Art Market

The Four Types of Art Collectors

Evan Beard
Jan 22, 2018 10:50PM

The most enjoyable part of leading the art division of a private bank is working with the great characters of the art market. In my experience, serious collectors tend to fall into one of four groups, each with their own behaviors, insecurities, strengths, and motivations for seeking, acquiring, and appreciating art. You may recognize them wandering the fairs or waving their paddles at auctions; others tend to collect more discreetly, known mostly by the dealers who feed their obsessions. Below are the types I’ve known.

The Enterprising Collector


This is the group most tethered to the dynamism, quarrels, gossip, lawsuits, information, misinformation, fads, and rumors of the contemporary art market. Unlike the connoisseur or trophy-hunter (discussed below), enterprise collectors are wide open to the new and experimental. With roots in the Medici tradition of ecclesiastical patronage, these collectors are engaged in a kind of moral combat to identify and elevate the art that will matter. They believe that art history is just too important to be left to art historians.

Typically first-generation entrepreneurs, often from market-driven professions like finance and real estate, they view art as an asset class, but rarely as a pure investment (although most maintain lines of credit against their collections). They covet secrecy; information is currency to this group. Priced out of trophy hunting and too financially driven for the connoisseurs, their goal is to destabilize the canon, challenge the ancient regime and define (and increasingly redefine) art history through collecting. While their ambition often exceeds their ability, a few—names such as Robert Scull, Charles Saatchi, and Guy Ullens—cut through the hype and help canonize the art of their time.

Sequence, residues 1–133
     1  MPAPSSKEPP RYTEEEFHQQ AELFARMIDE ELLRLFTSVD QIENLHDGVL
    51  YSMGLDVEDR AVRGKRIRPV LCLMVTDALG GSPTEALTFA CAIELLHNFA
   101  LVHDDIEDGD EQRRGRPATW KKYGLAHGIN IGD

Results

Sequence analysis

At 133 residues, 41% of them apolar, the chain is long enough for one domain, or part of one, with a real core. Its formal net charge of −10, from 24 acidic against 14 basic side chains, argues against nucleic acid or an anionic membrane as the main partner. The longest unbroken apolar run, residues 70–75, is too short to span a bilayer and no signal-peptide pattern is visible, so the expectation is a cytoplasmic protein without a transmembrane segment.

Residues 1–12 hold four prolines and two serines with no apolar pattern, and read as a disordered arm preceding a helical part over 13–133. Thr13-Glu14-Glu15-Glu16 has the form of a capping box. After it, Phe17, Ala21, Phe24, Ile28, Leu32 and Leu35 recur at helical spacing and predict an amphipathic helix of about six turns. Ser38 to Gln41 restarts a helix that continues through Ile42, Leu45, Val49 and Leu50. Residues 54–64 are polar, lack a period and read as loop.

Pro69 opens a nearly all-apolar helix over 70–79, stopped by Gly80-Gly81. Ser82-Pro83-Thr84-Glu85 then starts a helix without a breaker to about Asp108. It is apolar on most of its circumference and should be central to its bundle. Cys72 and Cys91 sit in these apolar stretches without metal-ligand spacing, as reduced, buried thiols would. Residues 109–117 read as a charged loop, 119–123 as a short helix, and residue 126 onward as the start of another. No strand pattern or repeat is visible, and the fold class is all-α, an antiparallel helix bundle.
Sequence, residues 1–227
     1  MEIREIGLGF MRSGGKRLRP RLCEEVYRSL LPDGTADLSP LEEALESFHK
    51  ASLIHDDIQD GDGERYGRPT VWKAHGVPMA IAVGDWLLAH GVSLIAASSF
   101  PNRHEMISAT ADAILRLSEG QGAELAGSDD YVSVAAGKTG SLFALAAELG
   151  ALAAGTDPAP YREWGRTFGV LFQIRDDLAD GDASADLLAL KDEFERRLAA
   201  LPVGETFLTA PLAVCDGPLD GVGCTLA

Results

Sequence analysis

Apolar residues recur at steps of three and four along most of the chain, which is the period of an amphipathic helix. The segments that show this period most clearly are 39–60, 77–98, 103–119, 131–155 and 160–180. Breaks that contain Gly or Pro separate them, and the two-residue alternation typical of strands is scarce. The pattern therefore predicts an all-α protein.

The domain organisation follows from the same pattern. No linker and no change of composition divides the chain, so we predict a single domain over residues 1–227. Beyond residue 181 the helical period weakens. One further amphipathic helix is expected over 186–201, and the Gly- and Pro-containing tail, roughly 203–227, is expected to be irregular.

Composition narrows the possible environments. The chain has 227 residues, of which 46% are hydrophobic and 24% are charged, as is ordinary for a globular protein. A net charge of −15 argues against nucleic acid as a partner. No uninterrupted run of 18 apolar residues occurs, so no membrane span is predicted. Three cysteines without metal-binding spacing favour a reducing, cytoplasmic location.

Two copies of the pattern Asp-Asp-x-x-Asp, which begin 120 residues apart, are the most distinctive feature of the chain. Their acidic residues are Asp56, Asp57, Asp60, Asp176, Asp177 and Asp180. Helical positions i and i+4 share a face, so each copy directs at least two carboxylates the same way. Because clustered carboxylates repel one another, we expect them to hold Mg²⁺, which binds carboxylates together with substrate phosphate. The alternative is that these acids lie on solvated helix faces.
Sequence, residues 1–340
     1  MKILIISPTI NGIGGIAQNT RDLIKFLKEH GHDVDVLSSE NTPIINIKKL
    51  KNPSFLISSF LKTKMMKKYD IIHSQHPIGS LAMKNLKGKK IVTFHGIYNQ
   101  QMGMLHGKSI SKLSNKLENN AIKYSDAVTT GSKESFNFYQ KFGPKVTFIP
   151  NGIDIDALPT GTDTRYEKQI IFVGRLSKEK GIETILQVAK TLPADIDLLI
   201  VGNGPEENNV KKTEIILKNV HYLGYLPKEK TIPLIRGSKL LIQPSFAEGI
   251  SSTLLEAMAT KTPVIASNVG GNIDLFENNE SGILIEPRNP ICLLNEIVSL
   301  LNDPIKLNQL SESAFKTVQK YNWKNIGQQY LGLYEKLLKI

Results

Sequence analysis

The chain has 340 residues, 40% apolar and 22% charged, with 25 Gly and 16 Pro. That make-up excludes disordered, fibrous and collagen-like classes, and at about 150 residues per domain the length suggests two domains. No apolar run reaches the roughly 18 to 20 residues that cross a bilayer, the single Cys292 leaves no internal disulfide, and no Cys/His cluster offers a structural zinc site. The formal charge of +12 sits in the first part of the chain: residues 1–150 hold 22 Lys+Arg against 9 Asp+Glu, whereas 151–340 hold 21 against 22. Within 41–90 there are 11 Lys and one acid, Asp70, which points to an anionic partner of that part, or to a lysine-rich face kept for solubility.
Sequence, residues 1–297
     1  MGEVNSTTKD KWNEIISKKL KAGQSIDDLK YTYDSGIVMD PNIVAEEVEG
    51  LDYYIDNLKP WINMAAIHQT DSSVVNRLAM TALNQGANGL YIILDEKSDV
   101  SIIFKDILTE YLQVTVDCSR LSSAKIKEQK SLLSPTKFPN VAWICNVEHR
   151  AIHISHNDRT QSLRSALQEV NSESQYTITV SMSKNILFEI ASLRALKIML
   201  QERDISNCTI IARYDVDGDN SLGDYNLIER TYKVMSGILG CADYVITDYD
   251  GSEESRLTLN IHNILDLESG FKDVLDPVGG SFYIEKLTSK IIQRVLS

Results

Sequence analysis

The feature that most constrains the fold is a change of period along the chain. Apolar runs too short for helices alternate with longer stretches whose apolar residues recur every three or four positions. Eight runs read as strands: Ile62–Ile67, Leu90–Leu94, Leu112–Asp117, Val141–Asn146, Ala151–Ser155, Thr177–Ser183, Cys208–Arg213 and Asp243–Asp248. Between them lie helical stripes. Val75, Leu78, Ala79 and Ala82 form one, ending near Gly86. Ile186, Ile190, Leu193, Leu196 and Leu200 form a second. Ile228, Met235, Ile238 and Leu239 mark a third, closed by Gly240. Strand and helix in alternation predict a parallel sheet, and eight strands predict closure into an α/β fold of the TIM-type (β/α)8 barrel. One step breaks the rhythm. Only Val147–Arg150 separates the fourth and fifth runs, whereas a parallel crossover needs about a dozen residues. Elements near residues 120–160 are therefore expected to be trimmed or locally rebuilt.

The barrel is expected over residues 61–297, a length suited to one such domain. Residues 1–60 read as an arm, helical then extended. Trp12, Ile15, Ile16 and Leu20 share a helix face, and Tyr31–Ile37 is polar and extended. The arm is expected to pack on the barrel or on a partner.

But despite an openness to new ideas, this is not an open society. Beneath the charm and flattery exists an intense competition for access: to top pictures, the right dinners, the most exclusive parties, the most prestigious museum boards. For this group, owning the right painting delivers a jolt of status more effectively than the efforts of the best PR firm.

Try buying a Kerry James Marshall painting in a gallery, where the large-scale works can start at $1 million. Money is not enough. In selling a sought-after work, a dealer chooses judiciously in whom to invest her or his prestige. Placement with the right collector can bestow legitimacy on a young artist these days quicker than the blessing of any curator or critic. Enterprising collectors must prove to top dealers they’ll be good custodians of works. To do this, paradoxically, it often takes a non-commercial gesture to prove one’s gravity.